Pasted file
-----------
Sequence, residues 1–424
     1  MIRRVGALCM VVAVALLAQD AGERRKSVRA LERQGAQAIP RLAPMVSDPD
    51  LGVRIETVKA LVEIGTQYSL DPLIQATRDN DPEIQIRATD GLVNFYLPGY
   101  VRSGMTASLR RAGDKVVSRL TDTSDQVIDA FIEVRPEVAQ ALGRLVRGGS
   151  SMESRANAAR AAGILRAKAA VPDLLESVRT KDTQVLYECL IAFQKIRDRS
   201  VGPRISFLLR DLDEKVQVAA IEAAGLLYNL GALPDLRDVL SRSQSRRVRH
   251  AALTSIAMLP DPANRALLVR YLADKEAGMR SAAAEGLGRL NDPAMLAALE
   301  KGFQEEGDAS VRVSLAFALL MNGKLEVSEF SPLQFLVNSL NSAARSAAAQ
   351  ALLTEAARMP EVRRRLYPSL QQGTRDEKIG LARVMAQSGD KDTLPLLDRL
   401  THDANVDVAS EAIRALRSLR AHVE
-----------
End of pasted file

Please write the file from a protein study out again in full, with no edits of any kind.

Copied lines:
Sequence, residues 1–424
     1  MIRRVGALCM VVAVALLAQD AGERRKSVRA LERQGAQAIP RLAPMVSDPD
    51  LGVRIETVKA LVEIGTQYSL DPLIQATRDN DPEIQIRATD GLVNFYLPGY
   101  VRSGMTASLR RAGDKVVSRL TDTSDQVIDA FIEVRPEVAQ ALGRLVRGGS
   151  SMESRANAAR AAGILRAKAA VPDLLESVRT KDTQVLYECL IAFQKIRDRS
   201  VGPRISFLLR DLDEKVQVAA IEAAGLLYNL GALPDLRDVL SRSQSRRVRH
   251  AALTSIAMLP DPANRALLVR YLADKEAGMR SAAAEGLGRL NDPAMLAALE
   301  KGFQEEGDAS VRVSLAFALL MNGKLEVSEF SPLQFLVNSL NSAARSAAAQ
   351  ALLTEAARMP EVRRRLYPSL QQGTRDEKIG LARVMAQSGD KDTLPLLDRL
   401  THDANVDVAS EAIRALRSLR AHVE